Since October 8, 2020 at approximately 21:00 UTC, and until this morning of October 9, 2020 at 8:20 UTC, api.video has suffered a major failure, impacting its entire service. Some random issues for live streaming continued until 10:30 UTC.
The event was triggered by a progressive major failure at one of our DNS providers, at 21:00 UTC, on October 8, 2020.
The event was detected by our support team at 6:00 UTC. The Tech team started working on the event by 6:30 UTC.
The incident affected all users.
Incident cleared after workarounds got implemented, and situation is considered as stable since 8:20 UTC.
Today, to deliver all our contents (live streams, VOD files, player assets, ...) we rely on a CDN, in front of a platform split across continents (North America & France).
To load-balance the traffic from the CDN towards the closest platform, we rely on a GSLB, a load-balancer at the DNS level. We also benefit from this GSLB within our platform to geo-route traffic between geographic dependencies (databases, keystore, ...).
We use to do this thanks to our hosting provider's local load-balancers, but moved away from this setup on June 14, due to repetitive major issues on this service. We selected PerfOps as our GSLB provider, created by the man behind jsdelivr, Dmitriy Akulov.
On October 8 evening, all their domains, including perfops.net (the brand one) and flexbalancers.net (technical one), went off: the first one has no more exisiting DNS records, whereas the later is no more declared by any registrar. At the time of this post-mortem, we still have no more communications with their executive team nor their technical team.
Due to this outage, all our load-balanced DNS records went unresponsive.
Load-balanced DNS records include VOD, LIVE, player assets origins for the CDN. From then on, it was impossible to view videos.
The impact was global.
While we completely revised our monitoring in May 2020, we did not implement end-2-end probes. As a result, while each individual service was running, we had no information of any service interruption to our users.
Our support team noticed the issues at 6:00 UTC on October 9, raising the case to our CTO at 6:20 UTC, after a series of tests.
Our CTO started to diagnose the incident at 6:25 UTC, pointing issues at the DNS level. Several providers could be concerned (GoDaddy - our actual Registrar -, PerfOps - our actual GSLB -, NSOne - the replacement of PerfOps we setting up -, CDNetworks - our actual CDN -).
Meanwhile, he tried to reach out to the infrastructure team to get assistance on the issue at 6:42 UTC. Infrastructure team was available on working on the incident at 7:00 UTC.
As the issue was on PerfOps (unresponsive domains), and as the actual work with NSOne is not ready for production yet, we decided to go with a workaround, updating all the CNAME towards PerfOps' DNS records, by aliases towards unique hostname on our ends.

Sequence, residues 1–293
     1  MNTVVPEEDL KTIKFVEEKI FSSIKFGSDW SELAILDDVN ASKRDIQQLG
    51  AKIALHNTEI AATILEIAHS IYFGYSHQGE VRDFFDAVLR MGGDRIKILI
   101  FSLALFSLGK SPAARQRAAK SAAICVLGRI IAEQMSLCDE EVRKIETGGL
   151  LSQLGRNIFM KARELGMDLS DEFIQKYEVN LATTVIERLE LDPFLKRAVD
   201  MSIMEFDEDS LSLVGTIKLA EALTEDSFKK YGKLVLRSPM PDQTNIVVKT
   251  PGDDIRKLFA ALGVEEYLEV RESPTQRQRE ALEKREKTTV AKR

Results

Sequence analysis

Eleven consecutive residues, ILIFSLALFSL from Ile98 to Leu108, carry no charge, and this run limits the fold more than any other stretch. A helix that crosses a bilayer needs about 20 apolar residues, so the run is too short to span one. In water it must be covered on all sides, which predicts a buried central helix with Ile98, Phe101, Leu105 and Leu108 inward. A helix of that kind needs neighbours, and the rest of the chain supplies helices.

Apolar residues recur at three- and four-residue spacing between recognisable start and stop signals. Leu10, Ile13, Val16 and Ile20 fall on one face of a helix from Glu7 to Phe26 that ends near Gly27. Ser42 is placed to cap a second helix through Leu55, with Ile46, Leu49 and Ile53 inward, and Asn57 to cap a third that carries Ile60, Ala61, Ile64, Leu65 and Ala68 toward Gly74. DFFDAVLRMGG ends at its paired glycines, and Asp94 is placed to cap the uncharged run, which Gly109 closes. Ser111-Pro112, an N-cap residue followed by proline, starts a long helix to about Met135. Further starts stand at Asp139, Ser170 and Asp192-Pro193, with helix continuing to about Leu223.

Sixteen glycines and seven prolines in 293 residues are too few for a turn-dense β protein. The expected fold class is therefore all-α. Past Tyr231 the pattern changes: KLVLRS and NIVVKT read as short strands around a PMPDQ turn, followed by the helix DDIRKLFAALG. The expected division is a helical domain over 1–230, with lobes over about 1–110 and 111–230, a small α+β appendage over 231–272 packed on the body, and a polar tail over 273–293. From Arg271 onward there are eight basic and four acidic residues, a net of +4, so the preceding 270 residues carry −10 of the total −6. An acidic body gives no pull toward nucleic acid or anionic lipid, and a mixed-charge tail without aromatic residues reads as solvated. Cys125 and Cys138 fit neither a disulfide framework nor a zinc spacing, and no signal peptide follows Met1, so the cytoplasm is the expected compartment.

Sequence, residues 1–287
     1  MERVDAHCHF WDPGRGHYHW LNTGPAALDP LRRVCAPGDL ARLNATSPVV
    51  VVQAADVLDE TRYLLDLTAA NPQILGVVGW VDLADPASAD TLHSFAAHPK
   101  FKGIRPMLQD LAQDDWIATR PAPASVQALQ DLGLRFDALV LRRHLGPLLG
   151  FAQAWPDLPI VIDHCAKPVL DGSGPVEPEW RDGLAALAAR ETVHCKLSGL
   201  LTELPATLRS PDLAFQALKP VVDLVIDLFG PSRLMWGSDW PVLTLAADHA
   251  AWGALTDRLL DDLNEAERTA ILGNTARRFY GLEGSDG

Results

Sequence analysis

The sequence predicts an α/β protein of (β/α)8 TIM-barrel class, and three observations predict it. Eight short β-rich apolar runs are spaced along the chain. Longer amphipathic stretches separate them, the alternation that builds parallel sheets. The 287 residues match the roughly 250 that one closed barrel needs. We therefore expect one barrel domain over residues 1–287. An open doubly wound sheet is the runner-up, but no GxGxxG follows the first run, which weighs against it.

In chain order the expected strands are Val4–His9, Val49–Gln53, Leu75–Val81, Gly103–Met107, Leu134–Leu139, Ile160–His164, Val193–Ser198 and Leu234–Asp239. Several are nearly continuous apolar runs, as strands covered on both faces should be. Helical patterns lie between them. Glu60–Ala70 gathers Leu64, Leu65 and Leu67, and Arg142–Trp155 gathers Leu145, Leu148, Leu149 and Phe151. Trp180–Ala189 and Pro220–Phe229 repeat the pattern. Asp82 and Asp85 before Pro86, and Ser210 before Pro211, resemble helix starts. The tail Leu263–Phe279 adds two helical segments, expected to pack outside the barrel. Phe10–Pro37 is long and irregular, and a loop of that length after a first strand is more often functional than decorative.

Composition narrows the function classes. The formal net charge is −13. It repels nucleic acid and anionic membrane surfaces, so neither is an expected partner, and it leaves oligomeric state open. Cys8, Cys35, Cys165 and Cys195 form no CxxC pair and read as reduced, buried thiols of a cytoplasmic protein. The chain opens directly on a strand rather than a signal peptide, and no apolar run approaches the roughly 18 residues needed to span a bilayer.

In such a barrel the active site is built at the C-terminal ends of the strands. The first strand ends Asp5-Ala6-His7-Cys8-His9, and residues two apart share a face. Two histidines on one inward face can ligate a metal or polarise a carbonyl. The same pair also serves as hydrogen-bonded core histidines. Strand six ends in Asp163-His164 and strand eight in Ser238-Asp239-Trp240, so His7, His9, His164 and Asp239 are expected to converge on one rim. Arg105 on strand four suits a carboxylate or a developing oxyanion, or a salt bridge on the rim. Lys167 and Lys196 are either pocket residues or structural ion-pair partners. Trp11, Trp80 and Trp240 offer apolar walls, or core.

The change was performed at GoDaddy's level, our Registrar. Due to how DNS works, and as the minimal TTL by GoDaddy is 30 minutes, any changed, started at 7:00 UTC, would be effective within the hour (twice the TTL minus 1 second) in worst case scenario.
At 8:00 UTC, some internal services still encountered some issues. We noticed errors in the workarounds (wrong records used) and implemented fixes at both DNS level and servers' level.
All times are UTC.
21:00 - PerfOps' domains went off, DNS propagation slowing down the impact from an external point of view
6:00 - global incident noticed by our support team
6:20 - incident escalated to our CTO
6:25 - beginning of the diagnosis
6:42 - incident escalated to our Infrastructure Team
7:00 - DNS records are being updated
8:00 - few internal errors remained and got fixed
8:20 - incident closed
10:00 - live customers complains about service flapping, the infrastructure team reopens the incident and start another diagnosis
10:07 - the unique ingest server we're using as a workaround to the initial incident suffers from consecutive loads and recurrent error from a specific stream
10:10 - standard load-balancing is implemented between all our ingest nodes for live streaming and suspicious live stream is killed
10:12 - as a quick fix, some customers are manually moved towards specific ingest nodes, while the load balancing is being setup
10:25 - the load-balancing is up & running
10:30 - service is ok for our live customers
We have several items in our backlog that are already in progress that would have avoid this situation:
No previous incident was related to this root cause.
From this incident, we’ve noticed several aspects to be improved. Also, DNS remains key to any internet services and internal infrastructure communication. Any element should be redundant enough.
Thanks to this, as we build clusters of any service, we should benefit from multiple DNS providers at any level. A first step is to rely on unique 1st-class providers for each stage of a DNS resolution process, then to move to multiple 1st-class providers for each stage.
Although all these topics are already in our backlog, it is necessary to review their priorities and deadlines.